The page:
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As with other types of exchange traded funds (ETFs), it’s easy to build a diversified portfolio of currency ETFs if you understand your options and how they work.

The currency market, or FX market, is the the largest and most liquid market in the world. Most individual investors shy away from them, thinking that they’re too complicated or not fully understanding how they can contribute to a diversified portfolio. Matthew McCall for Investopedia reports that there are currency ETFs to represent many nooks and crannies of the globe:

  • The U.S. Dollar: The U.S. dollar is typically the currency used to base the movement of other foreign currencies. Many major media and financial trends in currencies are all based against the U.S. dollar. You can get exposure to the dollar primarily through either PowerShares DB U.S. Dollar Bullish (NYSEArca: UUP) or PowerShares DB U.S. Dollar Bearish (NYSEArca: UDN). [Trends In The Euro, Yen And Dollar.]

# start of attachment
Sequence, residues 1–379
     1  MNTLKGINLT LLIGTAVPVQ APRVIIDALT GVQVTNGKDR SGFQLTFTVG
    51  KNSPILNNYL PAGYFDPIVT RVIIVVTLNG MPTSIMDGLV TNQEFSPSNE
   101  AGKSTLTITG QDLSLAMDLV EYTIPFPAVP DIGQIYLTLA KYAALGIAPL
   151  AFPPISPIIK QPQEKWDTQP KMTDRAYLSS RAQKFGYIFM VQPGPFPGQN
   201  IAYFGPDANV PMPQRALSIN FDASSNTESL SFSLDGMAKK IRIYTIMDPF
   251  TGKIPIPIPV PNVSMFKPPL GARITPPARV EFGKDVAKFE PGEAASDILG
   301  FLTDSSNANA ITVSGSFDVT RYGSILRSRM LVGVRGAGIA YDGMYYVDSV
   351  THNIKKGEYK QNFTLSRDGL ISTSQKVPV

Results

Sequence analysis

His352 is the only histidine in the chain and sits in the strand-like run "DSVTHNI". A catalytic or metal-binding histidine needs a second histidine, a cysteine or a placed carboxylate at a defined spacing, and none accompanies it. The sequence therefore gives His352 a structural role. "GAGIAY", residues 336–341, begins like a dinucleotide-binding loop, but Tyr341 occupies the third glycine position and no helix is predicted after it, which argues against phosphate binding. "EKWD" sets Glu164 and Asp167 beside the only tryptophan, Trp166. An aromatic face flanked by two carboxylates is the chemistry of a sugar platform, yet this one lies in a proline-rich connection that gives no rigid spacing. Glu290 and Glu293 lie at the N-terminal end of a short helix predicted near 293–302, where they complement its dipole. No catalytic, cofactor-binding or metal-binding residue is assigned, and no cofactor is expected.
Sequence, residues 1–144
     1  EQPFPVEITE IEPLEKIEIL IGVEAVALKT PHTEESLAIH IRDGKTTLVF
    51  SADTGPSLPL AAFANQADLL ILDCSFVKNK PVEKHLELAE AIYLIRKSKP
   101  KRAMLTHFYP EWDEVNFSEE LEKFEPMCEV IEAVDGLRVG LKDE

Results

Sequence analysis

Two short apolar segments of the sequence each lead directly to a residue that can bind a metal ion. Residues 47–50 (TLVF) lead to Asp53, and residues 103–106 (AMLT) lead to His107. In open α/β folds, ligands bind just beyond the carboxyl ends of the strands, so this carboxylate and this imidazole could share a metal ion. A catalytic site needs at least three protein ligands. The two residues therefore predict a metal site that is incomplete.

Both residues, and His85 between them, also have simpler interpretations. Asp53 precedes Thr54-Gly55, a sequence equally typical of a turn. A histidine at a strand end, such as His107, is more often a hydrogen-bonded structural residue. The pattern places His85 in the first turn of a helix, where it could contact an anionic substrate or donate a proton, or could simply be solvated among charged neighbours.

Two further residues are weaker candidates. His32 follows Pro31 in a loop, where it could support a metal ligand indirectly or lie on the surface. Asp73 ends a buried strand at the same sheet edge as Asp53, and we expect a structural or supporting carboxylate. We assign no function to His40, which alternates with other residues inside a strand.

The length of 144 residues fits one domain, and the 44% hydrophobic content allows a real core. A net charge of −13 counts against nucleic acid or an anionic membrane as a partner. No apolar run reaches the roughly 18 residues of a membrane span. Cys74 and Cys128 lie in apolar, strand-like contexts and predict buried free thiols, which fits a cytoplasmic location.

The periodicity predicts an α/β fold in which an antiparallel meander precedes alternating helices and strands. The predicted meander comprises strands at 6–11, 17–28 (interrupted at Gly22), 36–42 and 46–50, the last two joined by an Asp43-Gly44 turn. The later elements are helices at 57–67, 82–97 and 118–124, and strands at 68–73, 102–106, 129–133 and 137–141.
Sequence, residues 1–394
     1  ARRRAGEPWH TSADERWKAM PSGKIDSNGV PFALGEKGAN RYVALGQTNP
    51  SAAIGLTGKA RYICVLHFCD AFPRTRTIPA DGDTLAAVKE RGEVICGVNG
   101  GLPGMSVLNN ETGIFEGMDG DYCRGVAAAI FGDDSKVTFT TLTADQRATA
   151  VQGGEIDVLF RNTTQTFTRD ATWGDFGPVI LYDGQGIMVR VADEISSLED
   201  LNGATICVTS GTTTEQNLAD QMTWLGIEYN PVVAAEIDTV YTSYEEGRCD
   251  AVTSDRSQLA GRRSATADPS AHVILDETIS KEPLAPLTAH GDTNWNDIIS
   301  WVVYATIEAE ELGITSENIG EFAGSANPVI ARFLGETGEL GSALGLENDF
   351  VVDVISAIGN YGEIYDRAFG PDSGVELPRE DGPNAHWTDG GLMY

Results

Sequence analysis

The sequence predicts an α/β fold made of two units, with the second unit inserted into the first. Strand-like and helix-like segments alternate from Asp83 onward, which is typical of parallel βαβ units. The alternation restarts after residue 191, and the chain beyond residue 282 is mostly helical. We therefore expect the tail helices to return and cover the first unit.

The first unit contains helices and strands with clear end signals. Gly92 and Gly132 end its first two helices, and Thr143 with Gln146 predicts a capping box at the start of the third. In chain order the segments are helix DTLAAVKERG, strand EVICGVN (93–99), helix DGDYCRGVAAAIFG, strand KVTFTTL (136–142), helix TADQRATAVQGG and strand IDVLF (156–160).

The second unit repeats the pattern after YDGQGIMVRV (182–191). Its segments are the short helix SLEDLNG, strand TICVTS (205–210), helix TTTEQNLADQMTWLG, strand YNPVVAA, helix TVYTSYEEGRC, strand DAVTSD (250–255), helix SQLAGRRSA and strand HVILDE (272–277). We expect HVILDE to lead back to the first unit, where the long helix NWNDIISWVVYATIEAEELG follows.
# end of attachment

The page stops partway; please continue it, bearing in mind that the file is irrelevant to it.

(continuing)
• Euro, Yen and Pound: One of the best hedges for a weak U.S. stock market has been the Japanese yen, while a currency that is generally out of favor of late is the British Pound. The euro has taken a major hit, falling 15% in the first six months of 2010 before attempting a rally. In June, the euro was trading at the lowest level in over four years and over 25% lower than the all-time high in 2008, says McCall. A few ways to play these currencies include WisdomTree Dreyfus Euro (NYSEArca: EU), CurrencyShares Japanese Yen (NYSEArca: FXY) and CurrencyShares British Pound (NYSEArca: FXB).
  • Emerging Market Currencies: The introduction of emerging market currency ETFs has brought on more investment opportunities, but they have yet to catch on. Investors have access to the Brazilian real, Chinese yuan and the Indian rupee to name a few. You can get exposure to emerging market currencies through funds such as WisdomTree Dreyfus Brazilian Real (NYSEArca: BZF) and WisdomTree Dreyfus Emerging Currency (NYSEArca: CEW). [How To Play Currency Moves With ETFs. ]

Mark Nicholas for Counting Pips reports that forex isn’t for everyone, but ETFs give retail investors the best way to get their fix. There’s no need to be bound to your computer and you can also get exposure to a wide range of currencies without necessarily having to understand or consider the day-to-day volatility of the market. But monitor currency ETF closely, and don’t treat them as buy-and-hold tools – this market moves quickly. [Our Guide to Currency ETFs.]

For more stories about currencies, visit our currency page.